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November 29, 2005

WTO extends deadline for poor countries to implement TRIPS by seven years

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In advance of December's much-anticipated WTO ministerial meeting in Hong Kong, the WTO has given least developed countries (LDCs) an additional seven years to bring their national IP laws into compliance with international TRIPS standards.

This is important, and strategic.

It is widely anticipated that there is no possibility of progress on the major purpose of the WTO ministerial: namely, relief to developing countries on agriculture policy by reforming the agriculture subsidy policies of the U.S. and the E.U.  It was a failure to achieve such a policy at the last WTO ministerial in Cancun that lead to the "Cancun collapse," and a "Hong Kong collapse" on those very same agriculture policy issues is widely anticipated.

(The reason for such low expectations is that the EU has not risen to the challenge/offer from the U.S. to substantially reduce agriculture subsidies. So, given the U.S. offer, the culprit behind the unfavorable agriculture policies that are holding down the poor countries of the world is now clearly the E.U.)

Because no one really expects a breakthrough on agriculture in Hong Kong, the expectation is that "secondary" issues will provide a substitute for attendees and the WTO itself, which will be looking for something, anything, to justify the meeting and to point to as a success.

Enter the TRIPS agreement (Trade Related aspects of Intellectual Property rights). The two biggest gripes of poor and developing countries around the world are agriculture subsidies and TRIPS, and if agriculture is off the table, the concern is that TRIPS will be on the table.

Oversimplified, countries that signed on to TRIPS have to have IP laws in their countries that meet TRIPS standards. That is not to say that they have to have IP polices matching those of the U.S.; in fact, TRIPS has loads of flexibilities for countries based on their particular situation. But agreeing to TRIPS means that you have to protect intellectual property in some predictable, consistent manner.

The worldwide anti-capitalist, anti-corporate, neoMarxist movement has been looking for an opportunity to weaken TRIPS protections, because the perception is that the IP industries of the developed world "forced" TRIPS onto poor countries, and that TRIPS-compliant IP laws hinder development. They base these arguments on their erroneous assumption that IP protection itself hinders development because countries MUST steal in order to learn and develop. This is, of course, nonsense.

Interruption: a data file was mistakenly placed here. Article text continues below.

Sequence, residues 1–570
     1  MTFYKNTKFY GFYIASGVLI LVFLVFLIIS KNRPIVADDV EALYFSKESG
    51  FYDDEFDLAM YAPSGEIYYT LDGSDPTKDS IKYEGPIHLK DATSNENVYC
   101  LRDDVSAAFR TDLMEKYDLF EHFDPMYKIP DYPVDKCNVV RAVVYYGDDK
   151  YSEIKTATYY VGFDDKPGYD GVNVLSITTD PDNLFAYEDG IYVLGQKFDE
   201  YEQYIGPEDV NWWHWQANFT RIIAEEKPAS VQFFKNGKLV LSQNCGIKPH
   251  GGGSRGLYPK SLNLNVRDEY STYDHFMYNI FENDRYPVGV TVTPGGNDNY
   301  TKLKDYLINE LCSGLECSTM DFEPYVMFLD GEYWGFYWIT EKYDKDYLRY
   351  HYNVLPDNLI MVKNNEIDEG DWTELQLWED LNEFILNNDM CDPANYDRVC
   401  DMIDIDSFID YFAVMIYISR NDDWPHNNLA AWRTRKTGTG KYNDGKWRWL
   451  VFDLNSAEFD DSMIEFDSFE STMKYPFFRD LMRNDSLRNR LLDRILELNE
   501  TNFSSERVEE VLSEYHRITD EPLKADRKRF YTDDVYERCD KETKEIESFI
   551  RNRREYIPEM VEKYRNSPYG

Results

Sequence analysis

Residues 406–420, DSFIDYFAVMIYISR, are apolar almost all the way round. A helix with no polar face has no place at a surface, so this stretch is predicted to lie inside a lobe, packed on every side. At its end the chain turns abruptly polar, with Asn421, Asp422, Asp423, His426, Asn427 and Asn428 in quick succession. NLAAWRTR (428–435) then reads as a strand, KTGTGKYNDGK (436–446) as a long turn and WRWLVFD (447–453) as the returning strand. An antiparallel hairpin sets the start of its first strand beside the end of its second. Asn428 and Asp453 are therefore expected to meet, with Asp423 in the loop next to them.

So these guys have been planning for months to use the avian flu issue to argue at the WTO that the TRIPS agreement sets up a situation where poor countries cannot possibly protect the health of their citizens while also respecting the intellectual property of companies like Gilead and Roche, which they are required to do under TRIPS (although TRIPS itself allows compulsory licensing of critical medicines in legitimate health emergencies.)

That was all background. In summary, the expectation was that agriculture policy would slide off the table in Hong Kong and that the activists and poor countries would push weakening of TRIPS onto the agenda, using avian flu concerns as moral cover.

This is why the announcement on the seven-year extension for poor countries to comply with TRIPS is of strategic importance. It takes a lot of the hot air out of the activists balloon. This lessens the risk of a disastrous weakening of TRIPS in Hong Kong, and it might even make it more likely that the important matter of agriculture subsidies may remain on the table in Hong Kong long enough for the E.U. to feel the pressure and cave in, which would be the good and right and constructive thing for the E.U. to do.

Update: There is some additional background available at William New's IP Watch website, and their reporting is pretty good on this particular news item.

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